Thursday, December 7, 2023

HEALTH :Treating the shooting neuropathic pain

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Have you ever heard of carpal tunnel syndrome? It is a type of neuropathic pain that can become quite troublesome if left untreated. The Pioneer’s SHIKHA DUGGAL investigates the syndrome, its causes and cure, and more as she speaks to experts in the field.
Nerves in the arms and hands can constrict around soft tissues and muscles, resulting in pain and loss of function. Different kinds of nerve compression in these areas affect from 5% to almost 9% of the population. Surgical decompression is a common treatment for the condition and can lead to a complete or partial improvement of symptoms. Nerves that surround the head can also be compressed by surrounding muscles, vessels, and bones.
Decompressing these nerves can lead to improvement or relief from migraines and headaches. Wondering what it is called? The carpal tunnel syndrome We investigated more.
Dr. Gurdeep Singh Ratra, an orthopaedic surgeon at Manipal Hospitals, explained, “Carpal tunnel syndrome is a common yet often misunderstood medical condition that affects the hand and wrist. It occurs when the median nerve, which runs from the forearm into the hand, becomes compressed or squeezed at the wrist. This compression leads to a range of uncomfortable symptoms and can affect daily life.
The primary cause of CTS is the narrowing of the carpal tunnel, a passageway in the wrist formed by bones and ligaments. This narrowing can be caused by various factors, including repetitive hand movements, hereditary factors, wrist injuries, or underlying medical conditions like arthritis. Typical symptoms of CTS include tingling, numbness, and pain in the hand, especially in the thumb, index, middle, and ring fingers.These symptoms often worsen at night or during activities that involve flexing the wrist.Treatment options for CTS range from lifestyle modifications and wrist splints to medication and, in severe cases, surgery. Early diagnosis and intervention are crucial for effective management.”
It’s a misconception that CTS specifically targets mothers; rather, it can affect anyone, but it’s more common in certain groups, including new mothers, due to repetitive hand and wrist motions that are prevalent in daily activities, including childcare tasks. Dr. Shyam K. Jaiswal, a neurologist at CARE Hospitals in Banjara Hills, suggests people avoid excessive bending or flexing of the wrist and try to keep it in a neutral position during activities that involve hand use. He added, “It’s important to give your hands and wrists regular breaks during repetitive tasks, allowing time for stretching and movement to prevent strain.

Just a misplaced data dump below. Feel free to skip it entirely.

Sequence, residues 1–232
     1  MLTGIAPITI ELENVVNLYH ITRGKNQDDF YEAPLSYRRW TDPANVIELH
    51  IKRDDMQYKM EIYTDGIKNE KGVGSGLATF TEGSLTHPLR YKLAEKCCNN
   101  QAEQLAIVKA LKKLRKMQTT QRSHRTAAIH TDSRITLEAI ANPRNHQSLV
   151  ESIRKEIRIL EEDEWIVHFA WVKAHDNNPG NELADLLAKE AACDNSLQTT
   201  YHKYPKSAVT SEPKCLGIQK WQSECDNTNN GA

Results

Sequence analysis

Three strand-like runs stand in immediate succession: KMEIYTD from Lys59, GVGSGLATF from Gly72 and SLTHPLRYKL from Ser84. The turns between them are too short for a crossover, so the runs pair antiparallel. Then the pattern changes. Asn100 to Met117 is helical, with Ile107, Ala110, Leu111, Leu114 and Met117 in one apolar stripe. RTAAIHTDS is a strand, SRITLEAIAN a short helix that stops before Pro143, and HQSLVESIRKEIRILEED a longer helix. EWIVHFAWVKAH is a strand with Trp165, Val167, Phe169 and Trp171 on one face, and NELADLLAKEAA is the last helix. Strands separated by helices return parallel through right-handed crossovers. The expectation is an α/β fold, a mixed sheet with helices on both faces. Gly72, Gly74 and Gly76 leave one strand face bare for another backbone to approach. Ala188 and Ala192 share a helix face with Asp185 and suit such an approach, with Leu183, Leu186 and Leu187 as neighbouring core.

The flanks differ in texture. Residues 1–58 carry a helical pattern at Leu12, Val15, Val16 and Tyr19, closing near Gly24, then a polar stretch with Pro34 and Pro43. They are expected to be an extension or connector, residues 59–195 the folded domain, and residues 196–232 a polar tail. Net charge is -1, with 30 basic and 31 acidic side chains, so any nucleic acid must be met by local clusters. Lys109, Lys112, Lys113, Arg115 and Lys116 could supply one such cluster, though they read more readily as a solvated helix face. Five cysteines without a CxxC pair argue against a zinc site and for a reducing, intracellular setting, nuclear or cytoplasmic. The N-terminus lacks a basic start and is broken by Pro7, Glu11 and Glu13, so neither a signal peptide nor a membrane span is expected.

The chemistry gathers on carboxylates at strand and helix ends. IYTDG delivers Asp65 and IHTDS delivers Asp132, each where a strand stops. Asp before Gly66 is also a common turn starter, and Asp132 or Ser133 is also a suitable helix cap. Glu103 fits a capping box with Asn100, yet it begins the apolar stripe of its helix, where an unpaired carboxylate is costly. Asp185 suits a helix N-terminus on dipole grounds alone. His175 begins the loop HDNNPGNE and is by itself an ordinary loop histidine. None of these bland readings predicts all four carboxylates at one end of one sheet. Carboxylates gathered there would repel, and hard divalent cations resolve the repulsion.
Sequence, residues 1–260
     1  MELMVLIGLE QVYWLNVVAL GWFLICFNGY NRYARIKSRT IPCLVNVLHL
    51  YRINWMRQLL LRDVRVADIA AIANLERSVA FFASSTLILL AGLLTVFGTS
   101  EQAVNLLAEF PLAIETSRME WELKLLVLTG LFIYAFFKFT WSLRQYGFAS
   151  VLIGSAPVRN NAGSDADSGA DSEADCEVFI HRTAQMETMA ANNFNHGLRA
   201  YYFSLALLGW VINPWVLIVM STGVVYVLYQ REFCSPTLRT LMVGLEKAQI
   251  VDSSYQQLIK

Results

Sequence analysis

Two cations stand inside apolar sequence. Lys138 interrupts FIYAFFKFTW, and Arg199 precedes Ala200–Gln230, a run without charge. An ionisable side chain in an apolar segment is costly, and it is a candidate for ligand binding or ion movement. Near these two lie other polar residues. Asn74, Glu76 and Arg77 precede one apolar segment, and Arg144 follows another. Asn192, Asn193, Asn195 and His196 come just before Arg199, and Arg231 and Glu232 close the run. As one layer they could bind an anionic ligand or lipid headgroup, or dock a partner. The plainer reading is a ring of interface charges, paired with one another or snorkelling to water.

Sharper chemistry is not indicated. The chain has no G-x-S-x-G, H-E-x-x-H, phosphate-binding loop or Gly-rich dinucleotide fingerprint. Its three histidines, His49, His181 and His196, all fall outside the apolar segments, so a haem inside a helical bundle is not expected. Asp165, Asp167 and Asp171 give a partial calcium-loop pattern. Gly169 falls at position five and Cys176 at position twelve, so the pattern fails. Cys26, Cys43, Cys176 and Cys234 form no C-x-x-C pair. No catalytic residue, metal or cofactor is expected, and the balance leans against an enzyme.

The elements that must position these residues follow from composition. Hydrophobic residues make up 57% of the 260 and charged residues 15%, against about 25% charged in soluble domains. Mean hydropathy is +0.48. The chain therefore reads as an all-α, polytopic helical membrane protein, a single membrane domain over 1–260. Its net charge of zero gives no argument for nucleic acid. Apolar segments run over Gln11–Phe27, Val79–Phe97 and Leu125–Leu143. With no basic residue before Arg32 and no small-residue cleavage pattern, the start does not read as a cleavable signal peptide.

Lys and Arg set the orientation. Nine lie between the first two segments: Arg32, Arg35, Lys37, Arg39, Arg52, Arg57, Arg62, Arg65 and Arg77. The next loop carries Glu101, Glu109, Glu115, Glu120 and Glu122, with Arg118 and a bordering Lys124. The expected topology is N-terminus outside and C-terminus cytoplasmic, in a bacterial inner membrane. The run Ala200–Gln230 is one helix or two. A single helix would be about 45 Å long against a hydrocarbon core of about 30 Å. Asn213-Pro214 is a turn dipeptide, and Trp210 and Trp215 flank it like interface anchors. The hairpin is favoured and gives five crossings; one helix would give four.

Utilise ergonomic keyboards, mice, and other tools that are designed to reduce strain on your wrists and hands. Adjust your workstation to promote proper alignment and posture. Wearing a wrist splint or brace, especially at night, can help keep the wrist in a neutral position, relieving pressure on the median nerve and reducing symptoms.
Engaging in specific exercises under the guidance of a physiotherapist can help strengthen and stretch the muscles in the hand and wrist, promoting flexibility and reducing symptoms. Regarding massage techniques and exercises, it’s crucial to consult a qualified healthcare professional or certified therapist. They can demonstrate safe and effective techniques to alleviate symptoms and improve wrist flexibility.”
Dr. Naveen Karanam spells out very clearly that “carpal tunnel syndrome” can be more common among mothers due to repetitive hand and wrist movements involved in activities like lifting and carrying babies, breastfeeding, and performing household chores. “Hormonal changes during pregnancy can also contribute by causing fluid retention, which may increase pressure on the median nerve in the wrist. But consider including a case study of a mom who experienced and successfully managed carpal tunnel syndrome. Highlight her symptoms, diagnosis, treatment journey, and how she adapted her daily routine to prevent recurrence,” said the doc.
If left untreated, CTS can lead to permanent nerve damage and loss of function in the affected hand. This can make it difficult to perform daily tasks such as writing, typing, and using utensils. If you experience any of the symptoms associated with CTS, it’s important to seek medical attention to get an accurate diagnosis and appropriate treatment. By taking steps to prevent CTS, such as using ergonomic tools and taking frequent breaks, you can reduce your risk of developing this condition and maintain good hand and wrist health.
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